I bet you're thinking, oh, Rand is going to be real mean to this process... no! This process works fine sometimes. It can even be very successful for some companies...
"This process can be awesome too... if, if you're launching a new product to a very early-stage, early-adopter audience that's comfortable with new things that don't work great," says Rand. But if you try to apply this to a bigger company, you're running a risk of burning your brand reputation.
Looking at Moz Analytics, Rand says, "it's probably the most embarrassing thing I've ever launched. It was very much an MVP, but I thought let's launch it and we'll iterate on it." That didn't work out.
A bunch of people in our community – and probably some of you – responded with, I guess Moz is launching shit now? And that became associated with the brand. Even when it became pretty darn good, it still carried the MVP hangover... the reputation for being minimum and non-viable.
"An alternative to the MVP is what I've been calling the Exceptional Viable Product, the EVP," shares Rand.
"I've done this process for four different launches now," says Rand. "It usually takes between 3 and 6 months to get from MVP to ecstatic early customers who want it. You can adapt this process from mid-stage all the way to a tiny one-person startup idea."
With an EVP, you get the best of both worlds: "You get the iteration of the MVP, but you don't get the MVP brand hangover."
|Big brand||Relatively unknown brand||Mid-size brand or well-followed new company|
|Large marketing team with historic success||A poor initial reception won't harm long-term prospects||Customer base that will judge quickly/harshly|
"This is actually a really damn hard problem," says Rand. Even if you have a huge publishing platform, most of your audience will ignore your launches:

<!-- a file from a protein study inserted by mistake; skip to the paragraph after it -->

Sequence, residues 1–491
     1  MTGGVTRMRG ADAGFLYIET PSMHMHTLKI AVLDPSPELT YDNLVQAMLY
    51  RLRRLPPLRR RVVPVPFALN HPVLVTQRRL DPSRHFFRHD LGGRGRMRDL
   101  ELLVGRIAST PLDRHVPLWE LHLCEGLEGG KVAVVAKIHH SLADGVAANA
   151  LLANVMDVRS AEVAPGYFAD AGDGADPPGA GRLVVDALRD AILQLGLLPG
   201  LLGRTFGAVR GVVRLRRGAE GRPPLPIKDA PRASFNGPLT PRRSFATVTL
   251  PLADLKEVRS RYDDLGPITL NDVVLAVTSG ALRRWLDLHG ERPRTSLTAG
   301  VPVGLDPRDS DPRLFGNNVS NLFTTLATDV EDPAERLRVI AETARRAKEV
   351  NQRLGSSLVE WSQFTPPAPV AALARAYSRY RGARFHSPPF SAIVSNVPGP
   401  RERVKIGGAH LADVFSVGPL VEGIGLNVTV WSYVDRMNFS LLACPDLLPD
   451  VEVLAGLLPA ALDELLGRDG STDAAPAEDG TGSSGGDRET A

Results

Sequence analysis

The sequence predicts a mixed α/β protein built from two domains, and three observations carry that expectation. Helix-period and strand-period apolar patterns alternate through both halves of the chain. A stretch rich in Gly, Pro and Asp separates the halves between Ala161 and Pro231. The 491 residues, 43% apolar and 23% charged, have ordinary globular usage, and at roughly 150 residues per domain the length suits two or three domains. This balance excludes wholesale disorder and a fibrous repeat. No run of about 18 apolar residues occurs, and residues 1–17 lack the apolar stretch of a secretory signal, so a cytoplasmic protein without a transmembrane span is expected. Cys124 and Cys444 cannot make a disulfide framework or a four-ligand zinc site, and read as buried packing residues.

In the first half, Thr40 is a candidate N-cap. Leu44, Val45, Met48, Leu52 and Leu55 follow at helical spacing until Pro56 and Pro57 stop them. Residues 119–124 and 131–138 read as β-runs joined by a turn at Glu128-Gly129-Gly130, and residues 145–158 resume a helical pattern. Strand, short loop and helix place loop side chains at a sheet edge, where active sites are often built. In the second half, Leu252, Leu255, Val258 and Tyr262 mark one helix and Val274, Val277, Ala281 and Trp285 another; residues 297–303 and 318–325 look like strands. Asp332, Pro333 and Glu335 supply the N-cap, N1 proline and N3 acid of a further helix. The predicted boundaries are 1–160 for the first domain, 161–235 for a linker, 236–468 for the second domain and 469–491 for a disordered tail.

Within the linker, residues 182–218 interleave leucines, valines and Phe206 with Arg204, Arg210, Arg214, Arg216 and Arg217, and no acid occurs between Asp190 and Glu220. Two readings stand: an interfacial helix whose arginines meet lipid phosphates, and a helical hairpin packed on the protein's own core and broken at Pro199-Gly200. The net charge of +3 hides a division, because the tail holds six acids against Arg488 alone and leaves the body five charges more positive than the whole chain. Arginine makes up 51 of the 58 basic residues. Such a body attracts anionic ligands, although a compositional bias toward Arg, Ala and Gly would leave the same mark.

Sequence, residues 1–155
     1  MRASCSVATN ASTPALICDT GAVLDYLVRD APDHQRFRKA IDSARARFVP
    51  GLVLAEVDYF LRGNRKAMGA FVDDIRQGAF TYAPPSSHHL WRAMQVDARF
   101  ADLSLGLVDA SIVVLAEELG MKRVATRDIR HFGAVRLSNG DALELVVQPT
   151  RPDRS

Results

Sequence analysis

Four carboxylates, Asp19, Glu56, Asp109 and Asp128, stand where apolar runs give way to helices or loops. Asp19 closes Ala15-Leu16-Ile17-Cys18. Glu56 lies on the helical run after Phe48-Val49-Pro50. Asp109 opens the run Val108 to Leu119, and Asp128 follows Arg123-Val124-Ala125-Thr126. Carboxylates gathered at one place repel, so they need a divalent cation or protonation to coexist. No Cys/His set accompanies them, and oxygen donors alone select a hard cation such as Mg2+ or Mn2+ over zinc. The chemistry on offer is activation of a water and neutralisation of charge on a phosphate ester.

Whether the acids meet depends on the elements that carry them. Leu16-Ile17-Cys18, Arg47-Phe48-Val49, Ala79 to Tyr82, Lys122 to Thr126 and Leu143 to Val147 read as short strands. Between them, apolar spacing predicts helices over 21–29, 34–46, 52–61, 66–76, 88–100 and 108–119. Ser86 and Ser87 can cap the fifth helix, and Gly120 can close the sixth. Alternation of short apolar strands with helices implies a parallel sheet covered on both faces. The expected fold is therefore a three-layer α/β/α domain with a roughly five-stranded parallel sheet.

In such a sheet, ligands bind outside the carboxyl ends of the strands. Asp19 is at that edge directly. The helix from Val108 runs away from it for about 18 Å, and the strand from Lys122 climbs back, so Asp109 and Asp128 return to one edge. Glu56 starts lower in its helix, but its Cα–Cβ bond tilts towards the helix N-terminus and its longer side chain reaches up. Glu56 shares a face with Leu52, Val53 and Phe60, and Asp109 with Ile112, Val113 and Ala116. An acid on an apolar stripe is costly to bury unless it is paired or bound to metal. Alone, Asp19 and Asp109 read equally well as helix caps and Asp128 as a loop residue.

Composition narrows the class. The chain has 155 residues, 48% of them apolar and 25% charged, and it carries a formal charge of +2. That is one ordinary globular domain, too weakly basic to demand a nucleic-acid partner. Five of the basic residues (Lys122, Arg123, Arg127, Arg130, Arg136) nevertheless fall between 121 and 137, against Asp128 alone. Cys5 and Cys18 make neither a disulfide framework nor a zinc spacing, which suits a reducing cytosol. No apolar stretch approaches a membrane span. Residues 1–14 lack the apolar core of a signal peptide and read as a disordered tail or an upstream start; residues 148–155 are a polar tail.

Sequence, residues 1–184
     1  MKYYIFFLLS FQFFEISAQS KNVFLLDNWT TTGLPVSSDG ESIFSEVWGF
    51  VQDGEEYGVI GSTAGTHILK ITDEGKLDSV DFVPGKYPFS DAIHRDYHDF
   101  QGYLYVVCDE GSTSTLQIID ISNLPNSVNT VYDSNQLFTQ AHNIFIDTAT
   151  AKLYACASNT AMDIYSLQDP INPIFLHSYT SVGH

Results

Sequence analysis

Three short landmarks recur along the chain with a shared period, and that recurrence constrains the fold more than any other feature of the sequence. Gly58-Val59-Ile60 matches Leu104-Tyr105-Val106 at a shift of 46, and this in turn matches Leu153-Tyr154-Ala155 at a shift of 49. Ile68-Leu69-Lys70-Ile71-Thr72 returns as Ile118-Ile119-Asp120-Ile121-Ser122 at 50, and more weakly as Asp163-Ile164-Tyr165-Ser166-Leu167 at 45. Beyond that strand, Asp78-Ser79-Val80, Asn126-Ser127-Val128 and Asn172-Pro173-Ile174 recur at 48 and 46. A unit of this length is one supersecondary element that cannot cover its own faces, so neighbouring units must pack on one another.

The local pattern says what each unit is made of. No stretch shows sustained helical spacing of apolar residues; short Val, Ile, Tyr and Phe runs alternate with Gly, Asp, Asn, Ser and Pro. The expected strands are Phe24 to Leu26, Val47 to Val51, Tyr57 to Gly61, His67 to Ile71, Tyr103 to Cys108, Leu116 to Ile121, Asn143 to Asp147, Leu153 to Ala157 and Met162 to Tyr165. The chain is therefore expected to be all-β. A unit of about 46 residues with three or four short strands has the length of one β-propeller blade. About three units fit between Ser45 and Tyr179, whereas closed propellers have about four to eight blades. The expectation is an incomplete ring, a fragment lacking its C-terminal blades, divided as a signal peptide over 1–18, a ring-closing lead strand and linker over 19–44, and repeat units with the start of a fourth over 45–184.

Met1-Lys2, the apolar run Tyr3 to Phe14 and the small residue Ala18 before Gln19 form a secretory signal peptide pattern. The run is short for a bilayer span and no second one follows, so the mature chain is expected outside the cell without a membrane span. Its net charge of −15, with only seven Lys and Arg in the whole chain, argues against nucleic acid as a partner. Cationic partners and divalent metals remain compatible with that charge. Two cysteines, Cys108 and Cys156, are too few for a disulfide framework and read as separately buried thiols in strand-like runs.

At Moz, we had 3.4 million visits a month and we would struggle to get 0.3% to check out any new product launch we had. It was very hard. The way to go, the way we found consistently worked, is that you have to go about this indirectly. What we say about ourselves people immediately discount.
If you can get in front of the right indirect audience, they can take care of getting in front of your target audience in a way that is credible, believable and can be amplified.
This definitely isn't easy. Discovering the right publications, people and sources to reach out to is hard. You have to select the right targets for your pitch. And you have to craft a message that earns amplification.
As one tactic, Rand recommends using Google to select Past Year + Site: command to identify the right people who are probably still publishing.
Another piece of advice: "Don't overly focus on how you craft your outreaching emails and messaging, says Rand. "I don't think this should be the focus. If you really want to earn better amplification from your launches, you need a better story."
Before you build, before you launch, before you reach out, you should have a great answer to the question, "Who is going to help amplify this and why?" If you can answer that, a lot of your amplification strategy will be solved.
No surprises here: stories are far better tools at building memories than features or benefits.
"If you can craft your story in a way that the problem triggers a negative emotion, and the resolution triggers a positive emotion, you are in good shape," says Rand.
Remember: what we know resonates with people, works in story format, and gets emotion is a focus on one person.
For your next marketing launch, figure out the story you can tell about one person, before and after your product provided the solution. "I hope, after seeing this, all of your launches will be a little bit better," adds Rand.